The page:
Purchased a few of the GE/Jasco switches and their instructions did not make it clear that a ‘neutral’ wire is required to connect to power the switches. I know the GE’s are not as nice as the Leviton’s, but due to cost I opted for the GE’s
None of my existing light switches have neutral wires connected (only line/load/ground) so I am assuming that I would need to somehow find/connect neutrals which probably involves calling an electrician. Given the cost of that, are there any Z-wave switches out there that do not require these neutral wires to power them?? The GE instructions talk about using existing wiring…I’m not so sure about that considering my house was built in 2006 and I don’t have any white/neutrals connected to my existing switches!
The older Intermattic / Wayne Dalton dimmers I have (HA-14WD /HA14 ) don’t need a Neutral. They have been discontinued anyway and they are only good for incandescent or regular bulbs. I think the replacement for these are the HA-06WD which appear to not need a Neutral either.
I installed about 30+ Leviton RF+ dimmers and switches in my home. The Leviton light Dimmers do not need a neutral, but if you use flourescent and want the non dimmable relay switches I remember needing a neutral for those.
Finding a neutral is not usually a big deal unless your house was wired a long time ago. Even if the switches you currently have do not use a neutral connection (which is typical in many houses), there is usually a neutral (or more than one usually) wired together with a wire nut in the box with the switches and unused. All you need to do is add the wire from the GE switch to that bundle and put the wire nut back on.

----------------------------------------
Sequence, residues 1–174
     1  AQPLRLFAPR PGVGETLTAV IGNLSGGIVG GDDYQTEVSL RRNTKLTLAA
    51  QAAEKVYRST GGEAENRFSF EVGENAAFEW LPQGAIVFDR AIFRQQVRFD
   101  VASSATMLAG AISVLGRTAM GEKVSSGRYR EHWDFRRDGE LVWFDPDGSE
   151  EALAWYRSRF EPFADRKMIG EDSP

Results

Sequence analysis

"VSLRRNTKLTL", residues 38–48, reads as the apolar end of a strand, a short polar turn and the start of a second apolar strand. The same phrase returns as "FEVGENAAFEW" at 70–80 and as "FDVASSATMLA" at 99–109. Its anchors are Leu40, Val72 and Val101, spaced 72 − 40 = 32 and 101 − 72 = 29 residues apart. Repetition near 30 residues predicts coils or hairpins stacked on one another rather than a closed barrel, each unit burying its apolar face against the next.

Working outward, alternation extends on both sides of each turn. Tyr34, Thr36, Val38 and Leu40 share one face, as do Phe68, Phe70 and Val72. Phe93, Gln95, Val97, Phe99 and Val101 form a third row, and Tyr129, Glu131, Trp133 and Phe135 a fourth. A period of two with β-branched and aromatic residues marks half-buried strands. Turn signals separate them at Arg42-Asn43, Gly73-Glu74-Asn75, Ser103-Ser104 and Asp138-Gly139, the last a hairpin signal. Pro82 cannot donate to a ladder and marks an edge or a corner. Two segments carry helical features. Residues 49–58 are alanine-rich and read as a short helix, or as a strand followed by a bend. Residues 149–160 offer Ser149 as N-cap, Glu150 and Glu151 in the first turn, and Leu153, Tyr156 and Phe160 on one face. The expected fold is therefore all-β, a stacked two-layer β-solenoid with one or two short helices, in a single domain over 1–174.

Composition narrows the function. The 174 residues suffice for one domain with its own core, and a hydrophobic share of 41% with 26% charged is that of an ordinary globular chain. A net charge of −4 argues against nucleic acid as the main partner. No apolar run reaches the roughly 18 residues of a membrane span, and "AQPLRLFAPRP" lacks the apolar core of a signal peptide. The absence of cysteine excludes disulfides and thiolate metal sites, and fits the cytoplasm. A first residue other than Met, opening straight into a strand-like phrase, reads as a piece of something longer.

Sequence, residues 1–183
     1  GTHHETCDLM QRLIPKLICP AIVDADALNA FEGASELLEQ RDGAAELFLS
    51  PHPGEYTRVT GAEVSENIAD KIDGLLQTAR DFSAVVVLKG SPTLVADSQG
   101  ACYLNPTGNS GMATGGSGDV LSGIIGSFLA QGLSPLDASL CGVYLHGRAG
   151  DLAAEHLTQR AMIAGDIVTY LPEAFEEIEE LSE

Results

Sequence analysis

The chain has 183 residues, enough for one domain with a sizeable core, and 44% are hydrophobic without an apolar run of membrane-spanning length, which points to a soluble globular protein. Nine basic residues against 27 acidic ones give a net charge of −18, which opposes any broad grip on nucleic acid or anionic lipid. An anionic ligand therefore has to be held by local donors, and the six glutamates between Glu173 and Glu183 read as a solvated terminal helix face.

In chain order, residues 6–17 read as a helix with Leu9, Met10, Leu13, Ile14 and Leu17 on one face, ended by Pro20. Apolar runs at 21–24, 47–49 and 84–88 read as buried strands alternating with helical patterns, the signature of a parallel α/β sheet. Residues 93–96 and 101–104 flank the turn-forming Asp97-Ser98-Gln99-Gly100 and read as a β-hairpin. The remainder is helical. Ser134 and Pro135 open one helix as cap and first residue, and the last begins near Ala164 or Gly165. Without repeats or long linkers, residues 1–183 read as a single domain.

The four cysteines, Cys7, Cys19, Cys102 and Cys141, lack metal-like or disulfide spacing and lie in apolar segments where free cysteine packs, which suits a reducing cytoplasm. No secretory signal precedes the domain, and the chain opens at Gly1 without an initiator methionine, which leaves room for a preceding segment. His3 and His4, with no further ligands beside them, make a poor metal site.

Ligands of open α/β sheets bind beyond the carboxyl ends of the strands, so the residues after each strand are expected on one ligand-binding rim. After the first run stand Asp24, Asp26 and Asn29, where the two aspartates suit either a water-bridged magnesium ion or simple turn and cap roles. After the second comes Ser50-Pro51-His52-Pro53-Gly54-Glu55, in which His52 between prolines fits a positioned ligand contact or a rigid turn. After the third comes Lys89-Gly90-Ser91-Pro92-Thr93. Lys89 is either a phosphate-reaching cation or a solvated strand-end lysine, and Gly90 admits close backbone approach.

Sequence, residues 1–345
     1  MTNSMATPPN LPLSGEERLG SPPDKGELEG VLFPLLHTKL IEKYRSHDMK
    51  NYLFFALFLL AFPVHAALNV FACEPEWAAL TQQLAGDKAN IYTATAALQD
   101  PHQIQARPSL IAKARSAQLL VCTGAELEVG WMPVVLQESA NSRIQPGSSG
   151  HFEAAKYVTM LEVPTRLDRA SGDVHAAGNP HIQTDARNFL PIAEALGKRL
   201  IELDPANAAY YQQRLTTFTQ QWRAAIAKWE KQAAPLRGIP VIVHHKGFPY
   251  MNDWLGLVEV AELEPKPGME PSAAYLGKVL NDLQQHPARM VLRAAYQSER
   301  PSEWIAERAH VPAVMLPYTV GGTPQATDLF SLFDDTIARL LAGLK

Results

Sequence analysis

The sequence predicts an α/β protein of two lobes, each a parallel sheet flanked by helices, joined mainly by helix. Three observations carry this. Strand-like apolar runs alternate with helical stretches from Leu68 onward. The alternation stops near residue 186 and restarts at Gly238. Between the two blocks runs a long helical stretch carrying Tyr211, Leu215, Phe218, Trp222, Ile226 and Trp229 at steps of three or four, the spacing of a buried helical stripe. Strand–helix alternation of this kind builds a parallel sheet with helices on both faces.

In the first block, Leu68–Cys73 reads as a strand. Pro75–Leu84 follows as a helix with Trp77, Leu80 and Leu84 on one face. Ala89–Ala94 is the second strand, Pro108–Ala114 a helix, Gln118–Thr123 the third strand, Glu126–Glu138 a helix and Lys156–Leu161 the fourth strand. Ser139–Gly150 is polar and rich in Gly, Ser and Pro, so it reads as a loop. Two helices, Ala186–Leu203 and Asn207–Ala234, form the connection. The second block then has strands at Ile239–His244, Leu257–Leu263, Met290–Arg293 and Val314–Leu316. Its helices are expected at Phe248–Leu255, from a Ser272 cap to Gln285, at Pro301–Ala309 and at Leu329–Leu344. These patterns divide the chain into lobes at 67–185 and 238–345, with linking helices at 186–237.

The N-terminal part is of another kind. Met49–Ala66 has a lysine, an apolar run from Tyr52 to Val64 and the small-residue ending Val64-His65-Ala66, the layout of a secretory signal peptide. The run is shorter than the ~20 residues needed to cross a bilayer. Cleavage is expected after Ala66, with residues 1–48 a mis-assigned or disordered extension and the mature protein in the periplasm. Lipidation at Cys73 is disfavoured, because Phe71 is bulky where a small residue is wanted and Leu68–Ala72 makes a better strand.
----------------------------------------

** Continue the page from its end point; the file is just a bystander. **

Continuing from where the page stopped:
Look at the wiring instructions for the Leviton dimmer you purchase. Some require a neutral and some do not. You can download the instructions before you buy from www.leviton.com.
Examples that do not need a neutral: RZI06 (older style), VRI06 (newer style)
Examples that do require a neutral: RZE10 (older style, for electronic ballast low voltage, typically track lights), RZM10 (older style, for magnetic ballast low voltage, typically recessed cans), anything that’s an on/off (non-dimmer).
It gets more complicated if you are replacing a pair of 3-way switches. Again, read the wiring instructions…
I had a 3-way circuit in my Kitchen that was really strangely wired making it impossible to wire using a hardwired 3-way setup, even with dimmers that didn’t have a neutral requirement. A typical 3-way circuit has the Power Feed connected to Dimmer A, Dimmer A connected to Dimmer B with 14-3 wiring (blk/white/red), and Dimmer B connected to the Load. Mine had Power connected to Dimmer A which was connected with 14-3 to the Load which was in turn connected with 14-3 to Dimmer B–not enough wires were available between Dimmers A&B to do the trick. I replaced one Dimmer with a Z-Wave controller and made the a “virtual 3-way” using wireless.